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Memorial Day in Montana - Day 2

By John Kounis - Posted on 30 May 2013

Click here to read about day 1 of this adventure.

The morning in Battle Mountain dawned clear and calm, and we were excited to embark on our flight to the Idaho Backcountry. The weather was quite variable and the forecast had been changing all week, but our last-minute briefing in the morning confirmed that our destination, Moose Creek, Idaho, [featured in our Summer 1999 issue] was forecast to have passable weather for the long weekend.

Sky Chick Portrait We conferred with Ramona Cox, aka "Sky Chick" (see, who planned to meet us in the backcountry and camp with us for a few days, and we agreed to meet at Moose Creek.

Cessna 185 engine inspection

During the preflight, we noticed excessive oil on the right cowl flap and passenger step that had not been visible in the dark the previous night. Fortunately, Rick Harless, the owner of Harless Aircraft Services, is an A&P. He removed the cowling and spent a nearly an hour inspecting the engine for us. The final verdict was that it was likely a valve cover gasket. It would be messy, but in no way affect the airworthiness of the airplane. The final cost? No charge. Rick was just happy that we could be on our way and that we would be safe in the backcountry. With the great service, the courtesy car, and reasonable fuel prices, Battle Mountain is one of those small-town FBOs that is really a pleasure to visit.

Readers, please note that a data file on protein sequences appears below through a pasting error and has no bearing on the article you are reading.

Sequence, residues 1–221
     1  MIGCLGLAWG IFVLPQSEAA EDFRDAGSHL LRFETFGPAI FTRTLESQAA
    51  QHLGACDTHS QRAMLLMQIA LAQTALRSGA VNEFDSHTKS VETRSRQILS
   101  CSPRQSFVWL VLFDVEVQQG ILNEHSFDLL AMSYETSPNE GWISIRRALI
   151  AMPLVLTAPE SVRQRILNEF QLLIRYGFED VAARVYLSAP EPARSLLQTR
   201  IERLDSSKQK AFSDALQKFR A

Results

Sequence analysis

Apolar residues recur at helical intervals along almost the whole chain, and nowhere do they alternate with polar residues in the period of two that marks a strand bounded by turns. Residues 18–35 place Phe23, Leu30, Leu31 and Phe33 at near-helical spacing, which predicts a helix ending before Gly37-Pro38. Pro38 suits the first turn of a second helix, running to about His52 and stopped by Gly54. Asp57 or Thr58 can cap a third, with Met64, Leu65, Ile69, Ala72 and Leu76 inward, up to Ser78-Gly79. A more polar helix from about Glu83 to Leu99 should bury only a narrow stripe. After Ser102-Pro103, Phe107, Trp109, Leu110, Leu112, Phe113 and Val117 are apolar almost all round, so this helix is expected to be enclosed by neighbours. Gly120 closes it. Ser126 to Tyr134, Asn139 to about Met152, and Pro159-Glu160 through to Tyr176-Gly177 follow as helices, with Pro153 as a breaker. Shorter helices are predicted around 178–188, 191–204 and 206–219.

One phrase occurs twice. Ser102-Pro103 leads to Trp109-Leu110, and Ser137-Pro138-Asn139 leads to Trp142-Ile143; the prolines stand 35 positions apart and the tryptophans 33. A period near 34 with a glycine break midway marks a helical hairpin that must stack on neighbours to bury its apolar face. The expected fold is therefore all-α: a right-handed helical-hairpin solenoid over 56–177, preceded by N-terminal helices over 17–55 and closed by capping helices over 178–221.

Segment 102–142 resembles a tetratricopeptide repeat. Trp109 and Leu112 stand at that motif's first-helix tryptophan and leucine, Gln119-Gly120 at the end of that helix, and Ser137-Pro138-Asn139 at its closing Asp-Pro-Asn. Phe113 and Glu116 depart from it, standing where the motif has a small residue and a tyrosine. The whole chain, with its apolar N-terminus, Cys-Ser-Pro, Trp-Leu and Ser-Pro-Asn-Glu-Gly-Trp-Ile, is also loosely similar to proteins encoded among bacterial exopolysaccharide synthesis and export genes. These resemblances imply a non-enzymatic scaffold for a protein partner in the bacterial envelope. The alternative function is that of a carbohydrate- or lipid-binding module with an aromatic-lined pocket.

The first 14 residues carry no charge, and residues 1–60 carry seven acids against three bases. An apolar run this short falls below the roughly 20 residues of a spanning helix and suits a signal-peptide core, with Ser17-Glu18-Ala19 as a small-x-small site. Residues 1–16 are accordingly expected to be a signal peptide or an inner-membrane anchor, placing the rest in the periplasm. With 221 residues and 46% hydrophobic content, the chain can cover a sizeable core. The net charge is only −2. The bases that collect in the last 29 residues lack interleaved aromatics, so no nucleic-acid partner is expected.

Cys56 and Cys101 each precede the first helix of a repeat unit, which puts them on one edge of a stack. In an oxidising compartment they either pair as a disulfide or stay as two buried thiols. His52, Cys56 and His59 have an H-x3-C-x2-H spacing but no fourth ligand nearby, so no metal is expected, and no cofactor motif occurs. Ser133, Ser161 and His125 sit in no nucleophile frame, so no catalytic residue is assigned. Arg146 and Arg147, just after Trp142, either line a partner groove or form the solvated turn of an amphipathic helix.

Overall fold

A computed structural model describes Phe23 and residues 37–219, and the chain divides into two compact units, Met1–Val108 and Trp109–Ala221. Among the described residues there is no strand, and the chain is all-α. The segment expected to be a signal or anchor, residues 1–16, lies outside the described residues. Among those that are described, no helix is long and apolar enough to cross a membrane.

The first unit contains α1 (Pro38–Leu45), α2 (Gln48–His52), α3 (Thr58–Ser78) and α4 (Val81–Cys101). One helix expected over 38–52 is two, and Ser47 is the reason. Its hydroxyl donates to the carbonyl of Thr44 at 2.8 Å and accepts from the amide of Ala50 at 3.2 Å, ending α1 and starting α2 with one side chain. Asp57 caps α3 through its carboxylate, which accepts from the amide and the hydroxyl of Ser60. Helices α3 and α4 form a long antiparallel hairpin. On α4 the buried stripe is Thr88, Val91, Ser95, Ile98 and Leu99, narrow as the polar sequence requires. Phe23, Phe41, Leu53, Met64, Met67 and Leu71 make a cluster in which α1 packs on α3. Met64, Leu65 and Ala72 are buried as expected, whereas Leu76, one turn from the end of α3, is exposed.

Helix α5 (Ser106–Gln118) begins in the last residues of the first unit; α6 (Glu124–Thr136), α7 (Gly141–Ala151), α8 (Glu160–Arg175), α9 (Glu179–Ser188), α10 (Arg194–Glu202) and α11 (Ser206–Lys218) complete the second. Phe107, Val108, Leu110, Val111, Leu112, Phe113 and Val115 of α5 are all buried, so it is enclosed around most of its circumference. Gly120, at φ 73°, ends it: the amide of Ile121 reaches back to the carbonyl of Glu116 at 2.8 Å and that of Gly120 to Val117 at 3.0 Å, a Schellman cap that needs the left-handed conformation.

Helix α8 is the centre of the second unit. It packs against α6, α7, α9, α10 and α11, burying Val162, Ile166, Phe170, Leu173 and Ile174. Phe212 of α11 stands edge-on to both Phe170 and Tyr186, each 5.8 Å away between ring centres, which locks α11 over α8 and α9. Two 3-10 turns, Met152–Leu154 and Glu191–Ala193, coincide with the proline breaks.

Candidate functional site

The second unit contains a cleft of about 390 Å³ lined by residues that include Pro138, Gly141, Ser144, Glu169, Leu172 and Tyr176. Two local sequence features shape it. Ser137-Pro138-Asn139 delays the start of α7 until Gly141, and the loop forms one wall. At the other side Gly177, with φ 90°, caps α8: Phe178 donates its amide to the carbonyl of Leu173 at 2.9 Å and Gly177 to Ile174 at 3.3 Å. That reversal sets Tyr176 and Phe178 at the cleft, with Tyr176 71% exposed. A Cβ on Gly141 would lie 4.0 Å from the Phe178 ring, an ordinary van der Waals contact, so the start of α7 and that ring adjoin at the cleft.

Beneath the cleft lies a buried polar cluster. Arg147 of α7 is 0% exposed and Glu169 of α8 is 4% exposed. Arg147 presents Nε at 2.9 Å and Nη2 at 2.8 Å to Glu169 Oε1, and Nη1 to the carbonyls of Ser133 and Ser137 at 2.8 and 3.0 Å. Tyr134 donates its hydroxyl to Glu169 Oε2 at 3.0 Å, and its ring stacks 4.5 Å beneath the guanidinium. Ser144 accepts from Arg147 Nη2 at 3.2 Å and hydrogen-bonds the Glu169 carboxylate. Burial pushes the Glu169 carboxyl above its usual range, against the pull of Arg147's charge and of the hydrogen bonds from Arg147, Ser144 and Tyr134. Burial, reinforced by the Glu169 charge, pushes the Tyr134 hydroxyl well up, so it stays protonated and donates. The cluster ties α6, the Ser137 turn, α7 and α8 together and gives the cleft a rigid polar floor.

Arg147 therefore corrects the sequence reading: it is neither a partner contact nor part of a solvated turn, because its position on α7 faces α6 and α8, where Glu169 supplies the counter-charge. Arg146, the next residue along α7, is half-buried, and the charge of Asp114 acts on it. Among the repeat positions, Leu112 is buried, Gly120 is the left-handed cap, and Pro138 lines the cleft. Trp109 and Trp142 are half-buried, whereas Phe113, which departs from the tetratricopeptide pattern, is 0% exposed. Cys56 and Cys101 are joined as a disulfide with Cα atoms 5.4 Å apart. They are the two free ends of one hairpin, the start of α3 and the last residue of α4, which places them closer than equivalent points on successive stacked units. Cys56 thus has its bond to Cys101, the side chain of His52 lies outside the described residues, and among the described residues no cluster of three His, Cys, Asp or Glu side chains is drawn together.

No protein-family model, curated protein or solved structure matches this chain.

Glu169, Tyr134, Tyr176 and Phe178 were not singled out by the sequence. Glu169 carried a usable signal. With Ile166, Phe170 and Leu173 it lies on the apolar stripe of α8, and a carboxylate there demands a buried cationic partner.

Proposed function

The first leg of our flight took us across the mountains of northern Nevada. The valleys had sagebrush interspersed by dry lake beds, while the mountains still retained patches of snow and a few trees. A check of the weather using the XM Satellite Weather on our Garmin GPS revealed that the weather was deteriorating in central Idaho. It was still flyable, but scattered showers were moving through the area and forecast to continue affecting the weather for the next few days.

The prospect of a soggy camping trip didn't appeal to us. Fortunately, Sky Chick was still in the air and listening to our air-to-air frequency. We discussed options and changed our destination to Schafer Meadow, Montana, [featured in the Summer 2000 and Sep/Oct 2007 issues] where the weather appeared to be improving. Although it was an hour farther away, Schafer Meadow is my favorite backcountry airport. Deep in the Bob Marshall Wilderness, the airstrip is only accessible by airplane or on foot. It is situated on a lush meadow on the banks of the Middle Fork of the Flathead River, a 15-mile hike from the nearest trailhead. This wilderness is so remote, that it contains the highest concentration of grizzly bears in the lower 48 states.